Reaching the top of the hill, we gasp from something other than shortness of breath - for before us lies one of the most startling geological features in Australia: Wolfe Creek Crater.

Between 870 and 950 m in diameter, Wolfe Creek Crater is almost circular. Originally it would have been 120 m deep, but is now largely filled with sand and is only 25 m below the plains of sand.

There are thousands of circular structures on Earth's land surface, and many of these can be explained by the action of well-understood geological processes such as volcanism.

A number of these structures do not occur in volcanic terrains, nor are they associated with volcanic material. In the past, scientists described them as 'cryptovolcanic' or 'cryptoexplosion' structures, believing they were the result of explosive eruptive activity or that the cause of the explosion is unknown.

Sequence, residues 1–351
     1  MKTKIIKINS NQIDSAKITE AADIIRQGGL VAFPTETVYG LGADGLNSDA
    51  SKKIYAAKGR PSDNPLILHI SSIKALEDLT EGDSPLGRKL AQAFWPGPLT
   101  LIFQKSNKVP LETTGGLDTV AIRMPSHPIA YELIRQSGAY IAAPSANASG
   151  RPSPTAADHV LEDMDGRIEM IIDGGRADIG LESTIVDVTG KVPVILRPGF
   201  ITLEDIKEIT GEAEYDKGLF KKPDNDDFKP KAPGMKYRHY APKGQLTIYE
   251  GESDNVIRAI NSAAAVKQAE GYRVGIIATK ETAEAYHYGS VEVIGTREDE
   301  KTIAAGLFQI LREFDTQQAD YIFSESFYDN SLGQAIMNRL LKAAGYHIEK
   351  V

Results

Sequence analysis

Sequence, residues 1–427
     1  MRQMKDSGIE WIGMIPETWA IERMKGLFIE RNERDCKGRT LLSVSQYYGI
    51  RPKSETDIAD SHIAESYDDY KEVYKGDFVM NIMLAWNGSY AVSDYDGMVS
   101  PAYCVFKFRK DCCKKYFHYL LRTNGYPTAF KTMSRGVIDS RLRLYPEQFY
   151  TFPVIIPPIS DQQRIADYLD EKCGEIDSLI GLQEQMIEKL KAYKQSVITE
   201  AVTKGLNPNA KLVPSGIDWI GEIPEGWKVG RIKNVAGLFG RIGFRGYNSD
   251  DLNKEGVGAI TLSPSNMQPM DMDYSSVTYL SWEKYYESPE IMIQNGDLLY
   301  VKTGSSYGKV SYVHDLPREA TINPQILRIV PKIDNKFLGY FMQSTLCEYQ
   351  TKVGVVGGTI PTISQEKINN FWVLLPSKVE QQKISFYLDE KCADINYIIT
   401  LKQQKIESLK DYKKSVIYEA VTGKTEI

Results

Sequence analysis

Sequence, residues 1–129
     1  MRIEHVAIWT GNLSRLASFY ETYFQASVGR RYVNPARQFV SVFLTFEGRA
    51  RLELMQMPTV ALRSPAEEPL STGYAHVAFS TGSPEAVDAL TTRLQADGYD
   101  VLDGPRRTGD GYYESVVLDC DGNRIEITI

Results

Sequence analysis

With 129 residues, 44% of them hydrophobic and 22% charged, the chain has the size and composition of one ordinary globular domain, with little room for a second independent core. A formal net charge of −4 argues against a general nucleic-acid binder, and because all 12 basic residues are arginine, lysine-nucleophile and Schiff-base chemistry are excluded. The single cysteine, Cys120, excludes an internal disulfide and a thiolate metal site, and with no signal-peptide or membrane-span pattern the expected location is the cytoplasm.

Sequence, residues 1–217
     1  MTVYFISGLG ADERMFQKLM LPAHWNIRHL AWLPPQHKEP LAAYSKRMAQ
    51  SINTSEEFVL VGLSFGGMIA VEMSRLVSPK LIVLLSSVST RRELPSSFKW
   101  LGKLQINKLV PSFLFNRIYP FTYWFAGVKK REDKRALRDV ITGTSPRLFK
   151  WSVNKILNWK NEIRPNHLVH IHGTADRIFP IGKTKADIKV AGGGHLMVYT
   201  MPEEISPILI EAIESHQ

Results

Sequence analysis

In the past 50 years, many features thought to be volcanic have now been shown to have an impact origin.

In 1965, researchers found 1,343 grams of iron meteorites some 3.9 km southwest of Wolfe Creek Crater, making it one of only five craters in Australia where meteorites have been found.

Meteorites only survive if the impact is small, producing a crater only a few hundreds of metres across. In larger impacts, the projectile is completely melted and vaporised. So, without the meteorite itself, what other than the circularity of such structures leads us to believe they were formed by impact?

The telltale evidence of a meteoritic origin falls into three main categories: structural, mineralogical and chemical. Geophysical surveys of many suspected impact structures show that they do not have deep-seated roots.